Some contaminants, such as pesticides and gasoline, may cause the water to smell and taste strange, and others such as lead and disease-causing organisms may not be detectable. Drinking water contaminated with chemicals such as lead or gasoline may not cause immediate symptoms or cause your child to become ill but could still potentially harm your child’s developing brain or immune system.
Because you cannot be sure if the water is safe until private wells are professionally tested or city water is certified as safe by local officials, we urge parents to take every precaution to make sure their child’s drinking water is safe.
If you have a flooded well, do NOT turn on the pump, and do NOT flush the well with water. Contact your local or state health department or agriculture extension agent for specific advice on disinfecting your well. Learn about how to manage a flooded well.
Your public water system or local health agency will inform you if you need to boil water prior to using it for drinking and cooking. Learn about emergency disinfection of drinking water.
Tap water that has been brought to a rolling boil for at least 1 minute will kill disease-causing organisms. Boiling will not remove many potentially harmful chemicals, and may actually increase concentrations of heavy metals (including lead), which can be harmful to a child’s developing immune system. Chemically treating tap water with either chlorine or iodine will kill many disease-causing organisms, but will not remove harmful chemicals or heavy metals.
Household Items Contaminated by Floodwaters
Drinking Water Containers: Clean thoroughly with soap and water, then rinse. For gallon-sized containers, add approximately 1 teaspoon of bleach to a gallon of water to make a bleach solution. Cover the container and agitate the bleach solution thoroughly, allowing it to contact all inside surfaces. Cover and let stand for 30 minutes, then rinse with potable water.
Kitchenware and Utensils: In general, metal and glazed ceramic that are thoroughly washed and dried can be sanitized and kept. Follow local public health guidance on effective and safe sanitation procedures. Wood items must be thrown away, as these items can absorb contaminants or grow mold from the exposure to flood water and they cannot be properly sanitized.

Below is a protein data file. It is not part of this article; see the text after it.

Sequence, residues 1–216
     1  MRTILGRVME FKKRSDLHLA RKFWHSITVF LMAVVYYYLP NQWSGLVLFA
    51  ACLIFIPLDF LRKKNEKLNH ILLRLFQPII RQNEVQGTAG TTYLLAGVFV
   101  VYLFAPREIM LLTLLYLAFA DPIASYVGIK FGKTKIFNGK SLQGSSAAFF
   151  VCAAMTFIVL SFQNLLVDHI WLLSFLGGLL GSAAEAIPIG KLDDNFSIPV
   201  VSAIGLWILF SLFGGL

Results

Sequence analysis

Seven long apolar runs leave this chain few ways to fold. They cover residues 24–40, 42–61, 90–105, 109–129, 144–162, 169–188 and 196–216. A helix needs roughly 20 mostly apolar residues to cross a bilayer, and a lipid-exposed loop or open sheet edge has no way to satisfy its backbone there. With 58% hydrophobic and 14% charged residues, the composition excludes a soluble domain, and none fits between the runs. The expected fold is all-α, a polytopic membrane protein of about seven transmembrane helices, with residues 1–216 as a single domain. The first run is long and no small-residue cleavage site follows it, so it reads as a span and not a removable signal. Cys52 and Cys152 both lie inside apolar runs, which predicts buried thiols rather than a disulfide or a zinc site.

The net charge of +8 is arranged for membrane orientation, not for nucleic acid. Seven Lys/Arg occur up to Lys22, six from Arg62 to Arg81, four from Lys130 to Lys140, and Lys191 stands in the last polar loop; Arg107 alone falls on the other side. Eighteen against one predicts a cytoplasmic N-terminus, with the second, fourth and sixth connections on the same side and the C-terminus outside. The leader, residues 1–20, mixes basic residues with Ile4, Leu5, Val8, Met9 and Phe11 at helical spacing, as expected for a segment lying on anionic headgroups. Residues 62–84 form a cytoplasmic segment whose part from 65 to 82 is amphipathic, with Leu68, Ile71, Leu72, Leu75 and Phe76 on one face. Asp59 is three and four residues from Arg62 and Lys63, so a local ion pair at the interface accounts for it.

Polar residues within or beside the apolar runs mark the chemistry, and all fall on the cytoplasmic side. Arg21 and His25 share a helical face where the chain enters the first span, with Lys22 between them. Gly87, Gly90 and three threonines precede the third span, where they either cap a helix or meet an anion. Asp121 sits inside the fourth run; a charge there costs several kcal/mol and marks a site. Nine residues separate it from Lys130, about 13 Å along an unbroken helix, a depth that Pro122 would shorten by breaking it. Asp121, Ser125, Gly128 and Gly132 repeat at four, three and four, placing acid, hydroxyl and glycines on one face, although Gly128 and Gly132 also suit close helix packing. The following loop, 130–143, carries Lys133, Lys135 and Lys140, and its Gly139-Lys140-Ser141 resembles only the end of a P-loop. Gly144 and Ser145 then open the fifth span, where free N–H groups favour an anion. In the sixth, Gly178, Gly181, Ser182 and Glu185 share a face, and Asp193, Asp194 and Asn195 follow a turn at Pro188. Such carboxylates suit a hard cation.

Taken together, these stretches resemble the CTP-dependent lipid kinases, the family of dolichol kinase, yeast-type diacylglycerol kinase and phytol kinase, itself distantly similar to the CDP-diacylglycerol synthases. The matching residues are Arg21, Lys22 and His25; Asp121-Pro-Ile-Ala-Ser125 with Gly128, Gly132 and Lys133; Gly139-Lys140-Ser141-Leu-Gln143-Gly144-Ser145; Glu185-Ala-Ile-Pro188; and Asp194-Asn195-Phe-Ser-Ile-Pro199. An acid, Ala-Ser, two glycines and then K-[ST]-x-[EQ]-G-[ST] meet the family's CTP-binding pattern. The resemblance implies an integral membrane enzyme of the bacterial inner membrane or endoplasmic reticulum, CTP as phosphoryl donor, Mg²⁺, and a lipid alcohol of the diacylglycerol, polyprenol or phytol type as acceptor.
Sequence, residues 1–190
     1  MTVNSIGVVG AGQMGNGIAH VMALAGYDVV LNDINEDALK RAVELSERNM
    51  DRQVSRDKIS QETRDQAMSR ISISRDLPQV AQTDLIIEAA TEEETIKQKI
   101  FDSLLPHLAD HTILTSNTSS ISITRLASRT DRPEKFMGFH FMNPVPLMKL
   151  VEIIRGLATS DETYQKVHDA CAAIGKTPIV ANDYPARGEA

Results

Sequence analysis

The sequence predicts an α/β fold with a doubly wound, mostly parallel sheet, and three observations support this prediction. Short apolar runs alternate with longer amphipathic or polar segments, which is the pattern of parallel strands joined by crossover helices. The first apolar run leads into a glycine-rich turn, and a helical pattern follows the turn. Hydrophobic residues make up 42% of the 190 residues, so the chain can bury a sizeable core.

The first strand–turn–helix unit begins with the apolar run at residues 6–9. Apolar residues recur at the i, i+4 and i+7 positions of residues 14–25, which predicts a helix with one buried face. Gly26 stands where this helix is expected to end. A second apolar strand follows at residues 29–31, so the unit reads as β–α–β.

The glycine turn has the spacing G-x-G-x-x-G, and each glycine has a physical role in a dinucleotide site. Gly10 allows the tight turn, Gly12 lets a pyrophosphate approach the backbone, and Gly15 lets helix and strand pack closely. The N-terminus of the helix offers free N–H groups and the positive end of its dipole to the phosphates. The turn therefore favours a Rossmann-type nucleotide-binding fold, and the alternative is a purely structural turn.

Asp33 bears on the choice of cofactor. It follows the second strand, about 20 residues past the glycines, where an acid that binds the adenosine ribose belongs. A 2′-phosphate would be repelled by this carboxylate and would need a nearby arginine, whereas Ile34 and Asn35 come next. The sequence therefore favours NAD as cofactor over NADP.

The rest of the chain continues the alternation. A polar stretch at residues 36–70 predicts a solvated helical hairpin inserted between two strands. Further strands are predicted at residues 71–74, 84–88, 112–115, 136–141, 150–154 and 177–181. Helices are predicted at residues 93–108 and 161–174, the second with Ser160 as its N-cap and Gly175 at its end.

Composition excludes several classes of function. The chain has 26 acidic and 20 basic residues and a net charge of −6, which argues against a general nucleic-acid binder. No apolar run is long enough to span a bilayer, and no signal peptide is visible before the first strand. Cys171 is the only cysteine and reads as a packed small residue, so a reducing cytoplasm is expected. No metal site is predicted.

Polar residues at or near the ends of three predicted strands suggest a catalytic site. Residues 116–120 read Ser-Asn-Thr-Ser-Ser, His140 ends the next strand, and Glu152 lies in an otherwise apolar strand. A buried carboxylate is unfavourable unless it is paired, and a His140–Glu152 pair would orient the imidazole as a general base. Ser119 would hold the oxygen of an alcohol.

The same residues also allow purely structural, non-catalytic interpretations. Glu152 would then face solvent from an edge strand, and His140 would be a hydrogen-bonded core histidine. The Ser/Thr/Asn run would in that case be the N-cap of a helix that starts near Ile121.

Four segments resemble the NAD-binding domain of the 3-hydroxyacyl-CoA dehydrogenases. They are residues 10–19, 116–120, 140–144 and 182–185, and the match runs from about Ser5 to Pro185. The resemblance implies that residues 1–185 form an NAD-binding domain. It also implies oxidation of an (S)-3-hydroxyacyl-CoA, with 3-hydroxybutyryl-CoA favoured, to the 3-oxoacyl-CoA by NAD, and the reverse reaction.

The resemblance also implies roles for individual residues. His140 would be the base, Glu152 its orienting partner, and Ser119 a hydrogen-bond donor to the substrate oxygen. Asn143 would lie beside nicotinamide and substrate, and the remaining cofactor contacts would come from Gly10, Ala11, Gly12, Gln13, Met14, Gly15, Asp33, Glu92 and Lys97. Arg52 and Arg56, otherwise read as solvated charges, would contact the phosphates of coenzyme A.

Children's Toys and Baby items: Throw away ALL soft or absorbent toys because it is impossible to clean them and they could harm your child. Throw away ALL baby bottles, nipples, and pacifiers that have come in contact with flood waters or debris.
Other Flood Topics
Teenagers: Teens are still growing and developing, especially their reproductive, nervous and immune systems. Teens are less likely to understand dangers and may underestimate the dangers of certain situations, or they may be reluctant to voice their concerns about potential dangers. Whenever possible, teens should not participate in post-flood clean-up that would expose them to contaminated water, mold and hazardous chemicals. Older teens may help adults with minor clean-ups if they wear protective gear including goggles, heavy work gloves, long pants, shirts, socks, boots and a properly fitting N-95 respirator.
Older Adults and People Living with Chronic Diseases: Flooding often leads to the development of micro-organisms and the release of dangerous chemicals in the air and water. Older adults and people living with chronic diseases are especially vulnerable to these contaminants.
Bleach: Household bleach contains chlorine, a very corrosive chemical which can be harmful if swallowed or inhaled. It is one of the most common cleaners accidentally swallowed by children. Children – especially those with asthma – should not be in the room while using these products. Call Poison Control at (800) 222-1212 immediately in case of poisoning.
Formerly Flooded or Debris-filled Areas: Children in these areas may be at risk of exposure to dirt and debris that may have been contaminated with hazardous chemicals like lead, asbestos, oil and gasoline. Children can be exposed by direct contact through their skin, by breathing in dust particles or fumes, or by putting their hands in their mouths.
Mosquitoes and Disease-Causing Pests: Flood water may increase the number of mosquitoes and other disease-causing pests. To protect your child, ensure that they use insect repellents containing up to 30% Deet, Picardin, or Oil of Lemon Eucalyptus. The American Academy of Pediatrics recommends that Deet not be used on infants less than 2 months of age and that Oil of Lemon Eucalyptus not be used on children under 3 years of age. Other ways to protect children include staying indoors while the sun is down, wearing light colored, long sleeved shirts and pants, covering baby carriages and playpens with mosquito netting, and clear standing water or empty flower pots, etc of water.
Pediatric Environmental Health Specialty Units (PEHSUs)
Read the Clinician Recommendations Regarding Return of Children to Areas Impacted by Flooding and/or Hurricanes: A Joint Statement from the PEHSUs and the American Academy of Pediatrics (PDF) (3 pp, 73K).
To access experts children’s environmental health issues related to flooding, please contact the PEHSUs in your area:
- Region 1 - Connecticut, Maine, Massachusetts, New Hampshire, Rhode Island, Vermont, and 10 Tribal Nations – (888) 244-5314
- Region 2 - New York, New Jersey, Puerto Rico, the US Virgin Islands, and 7 Tribal Nations – (866) 265-6201